What is one thing you want to do in this season of life?

I’m doing it! I’m spending quality time with my family and friends. I’m writing every day. And I’m constantly working to preserve history, whether it is area history, military history, or family history.

What would you tell your younger self about aging?

The obvious answer here is: take better care of yourself, eat the right things, exercise, yada, yada, yada. I’ll let others say those words. I obviously have not done all the right things. In spite of not growing old that well, I have had – and am still having – a very full and enriched life.

What's one thing you've left behind?

I’ve left behind my failures. I can’t fix them now or ever. But they can certainly become great and fascinating material for a novel.

What do you want people to say about you at your funeral?

And, to think, she doesn’t look a day over 95!” Seriously, I want to be remembered for my work in historic preservation in the Brazos Valley. And, I hope, my son will say I was a good mother to him and to his late sister. I hope my grandchildren will say I was a good “GrAnne.” I hope my friends will say I was there for them. Hopefully, everyone will say I made a difference. They will probably say that my obituary was over the top and too long. They will say that even in the end, at her own funeral, she managed to show off her love for alliteration with the mantillas, margaritas, and mariachi!

What's your best health tip as you grow older?

I’m the last person to ask. Drink water! Lots of water! And, no, coffee doesn’t count. Neither does any other dark liquid. Not even tea. No carbonated beverages. Water does a body good! It’s good for your skin, as well. Hydrate! Hydrate! Hydrate!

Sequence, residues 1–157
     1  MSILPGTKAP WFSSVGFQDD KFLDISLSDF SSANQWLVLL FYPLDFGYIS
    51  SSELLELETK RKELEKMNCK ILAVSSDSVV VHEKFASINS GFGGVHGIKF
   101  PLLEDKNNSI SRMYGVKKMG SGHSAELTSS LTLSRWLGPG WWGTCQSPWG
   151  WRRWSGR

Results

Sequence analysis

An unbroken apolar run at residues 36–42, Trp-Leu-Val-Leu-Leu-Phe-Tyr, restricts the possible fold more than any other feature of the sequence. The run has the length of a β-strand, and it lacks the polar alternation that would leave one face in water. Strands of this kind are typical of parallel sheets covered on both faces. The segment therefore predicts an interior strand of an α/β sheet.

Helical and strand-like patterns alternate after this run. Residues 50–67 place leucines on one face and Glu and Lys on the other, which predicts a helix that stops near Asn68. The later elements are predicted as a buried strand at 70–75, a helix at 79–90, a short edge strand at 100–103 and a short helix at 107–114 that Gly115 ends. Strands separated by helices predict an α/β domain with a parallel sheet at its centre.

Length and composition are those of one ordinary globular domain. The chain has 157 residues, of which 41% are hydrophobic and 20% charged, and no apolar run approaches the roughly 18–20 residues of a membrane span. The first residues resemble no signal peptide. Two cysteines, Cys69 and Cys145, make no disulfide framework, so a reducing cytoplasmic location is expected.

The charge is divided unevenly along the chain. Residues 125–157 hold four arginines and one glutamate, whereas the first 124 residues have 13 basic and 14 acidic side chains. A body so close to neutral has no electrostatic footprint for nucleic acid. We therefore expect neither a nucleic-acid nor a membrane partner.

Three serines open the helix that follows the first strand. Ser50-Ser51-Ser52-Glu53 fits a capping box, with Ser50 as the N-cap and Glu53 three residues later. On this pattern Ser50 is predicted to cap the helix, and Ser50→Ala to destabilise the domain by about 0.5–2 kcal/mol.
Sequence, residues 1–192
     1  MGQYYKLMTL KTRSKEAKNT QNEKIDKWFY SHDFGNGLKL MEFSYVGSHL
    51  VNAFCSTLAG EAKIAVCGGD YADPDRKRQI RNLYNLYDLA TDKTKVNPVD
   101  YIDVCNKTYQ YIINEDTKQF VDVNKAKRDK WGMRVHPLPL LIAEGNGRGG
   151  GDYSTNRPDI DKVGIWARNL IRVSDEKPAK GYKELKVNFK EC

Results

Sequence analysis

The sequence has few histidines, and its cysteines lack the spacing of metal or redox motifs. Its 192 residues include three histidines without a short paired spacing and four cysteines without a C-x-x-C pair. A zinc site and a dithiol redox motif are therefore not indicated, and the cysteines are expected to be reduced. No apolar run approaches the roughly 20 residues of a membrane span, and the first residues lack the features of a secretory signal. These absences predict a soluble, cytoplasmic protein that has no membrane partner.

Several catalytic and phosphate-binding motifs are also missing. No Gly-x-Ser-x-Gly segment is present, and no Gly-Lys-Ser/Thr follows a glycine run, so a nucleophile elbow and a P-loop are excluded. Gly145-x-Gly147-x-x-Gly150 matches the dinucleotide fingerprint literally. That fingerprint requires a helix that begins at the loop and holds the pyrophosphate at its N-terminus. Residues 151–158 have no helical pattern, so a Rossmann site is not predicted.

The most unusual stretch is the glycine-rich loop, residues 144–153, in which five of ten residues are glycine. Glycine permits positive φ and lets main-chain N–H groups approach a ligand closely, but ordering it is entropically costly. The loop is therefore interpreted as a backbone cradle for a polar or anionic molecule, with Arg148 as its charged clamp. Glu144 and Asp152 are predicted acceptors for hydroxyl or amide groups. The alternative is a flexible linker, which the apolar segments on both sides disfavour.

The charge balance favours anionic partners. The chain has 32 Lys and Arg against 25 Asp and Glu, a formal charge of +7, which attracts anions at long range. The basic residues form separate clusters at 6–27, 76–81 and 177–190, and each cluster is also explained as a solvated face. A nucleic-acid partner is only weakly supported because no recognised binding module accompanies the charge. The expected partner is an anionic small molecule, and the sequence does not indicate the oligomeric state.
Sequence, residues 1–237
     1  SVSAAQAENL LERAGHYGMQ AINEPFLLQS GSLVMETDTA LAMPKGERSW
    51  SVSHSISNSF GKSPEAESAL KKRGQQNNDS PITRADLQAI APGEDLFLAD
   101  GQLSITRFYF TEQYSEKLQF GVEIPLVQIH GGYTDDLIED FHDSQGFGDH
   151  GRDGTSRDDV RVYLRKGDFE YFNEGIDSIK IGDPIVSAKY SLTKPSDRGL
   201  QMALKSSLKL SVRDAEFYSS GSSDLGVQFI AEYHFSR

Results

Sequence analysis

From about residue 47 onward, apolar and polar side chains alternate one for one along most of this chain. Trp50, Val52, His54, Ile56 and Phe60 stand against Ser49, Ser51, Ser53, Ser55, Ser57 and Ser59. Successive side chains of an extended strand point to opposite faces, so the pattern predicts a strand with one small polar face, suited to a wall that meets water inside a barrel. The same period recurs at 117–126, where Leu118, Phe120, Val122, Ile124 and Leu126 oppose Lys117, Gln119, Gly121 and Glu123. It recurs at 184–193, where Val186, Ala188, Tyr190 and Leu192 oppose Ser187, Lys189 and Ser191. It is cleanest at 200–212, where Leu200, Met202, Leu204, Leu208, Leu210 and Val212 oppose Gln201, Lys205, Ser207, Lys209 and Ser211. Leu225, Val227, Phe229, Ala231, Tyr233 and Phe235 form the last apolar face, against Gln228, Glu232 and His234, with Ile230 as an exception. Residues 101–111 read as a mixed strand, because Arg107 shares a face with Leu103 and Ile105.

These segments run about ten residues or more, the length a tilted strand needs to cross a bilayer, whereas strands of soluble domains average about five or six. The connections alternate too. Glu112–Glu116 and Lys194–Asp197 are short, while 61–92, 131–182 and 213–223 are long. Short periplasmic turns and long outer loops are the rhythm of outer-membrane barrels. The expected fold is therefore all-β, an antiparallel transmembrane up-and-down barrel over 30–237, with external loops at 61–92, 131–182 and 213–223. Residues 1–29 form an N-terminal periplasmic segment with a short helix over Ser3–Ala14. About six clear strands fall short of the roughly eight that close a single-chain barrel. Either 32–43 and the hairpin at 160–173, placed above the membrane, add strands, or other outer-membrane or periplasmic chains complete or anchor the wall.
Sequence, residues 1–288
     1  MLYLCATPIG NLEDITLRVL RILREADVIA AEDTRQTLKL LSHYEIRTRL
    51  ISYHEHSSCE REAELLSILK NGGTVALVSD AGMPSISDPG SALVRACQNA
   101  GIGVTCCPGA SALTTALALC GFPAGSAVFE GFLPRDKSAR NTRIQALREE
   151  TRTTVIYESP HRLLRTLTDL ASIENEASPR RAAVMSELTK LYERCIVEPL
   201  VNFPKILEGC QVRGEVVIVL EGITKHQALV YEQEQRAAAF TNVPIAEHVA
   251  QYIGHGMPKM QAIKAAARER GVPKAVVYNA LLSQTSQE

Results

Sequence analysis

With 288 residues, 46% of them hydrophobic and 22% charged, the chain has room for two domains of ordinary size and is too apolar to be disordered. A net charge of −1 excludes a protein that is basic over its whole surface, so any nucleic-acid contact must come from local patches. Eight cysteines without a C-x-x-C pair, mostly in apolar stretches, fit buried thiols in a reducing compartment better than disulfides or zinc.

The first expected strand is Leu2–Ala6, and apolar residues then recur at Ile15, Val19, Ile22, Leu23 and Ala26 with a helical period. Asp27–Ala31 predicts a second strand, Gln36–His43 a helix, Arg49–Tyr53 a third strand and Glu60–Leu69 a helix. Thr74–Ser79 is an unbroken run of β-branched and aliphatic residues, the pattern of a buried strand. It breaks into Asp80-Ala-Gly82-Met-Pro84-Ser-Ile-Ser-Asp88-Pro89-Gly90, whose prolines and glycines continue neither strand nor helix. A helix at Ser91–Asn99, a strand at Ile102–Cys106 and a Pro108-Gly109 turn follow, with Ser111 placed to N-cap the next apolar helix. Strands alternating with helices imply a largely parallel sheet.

What's your best beauty tip as you grow older?

Never try to look younger; grow old gracefully. There’s an expiration date on everything and everyone. Moisturize! Moisturize! Moisturize! On the occasion of her 40th birthday, a friend of mine said, “I guess now I will have to start caring for my skin.” I was aghast! When I was in the sixth grade, my mother discovered that I had been putting on makeup once I got to school. She sat me down and said, “If you’re going to insist on putting on makeup, you’re going to learn how to take it off.” She taught me about washing and cleansing my face, as well as moisturizing. I’m so glad she did.

Who is a person you admire and why?

Anne with her mother and sister
Anne with her mother and sister

My late mother, Rosemary (DePasquale) Boykin. She graduated from Southern Methodist University at the age of 20 with a Bachelor of Arts degree in Fine Arts and minors in German and Medical Arts. She met my father on a blind date. He had returned from World War II and was finishing his studies at Texas A&M University. Six months later he proposed. She loved my father with her whole body, heart, and soul. Even when she was in the hospital, she always put on a bit of lipstick before he came in the door.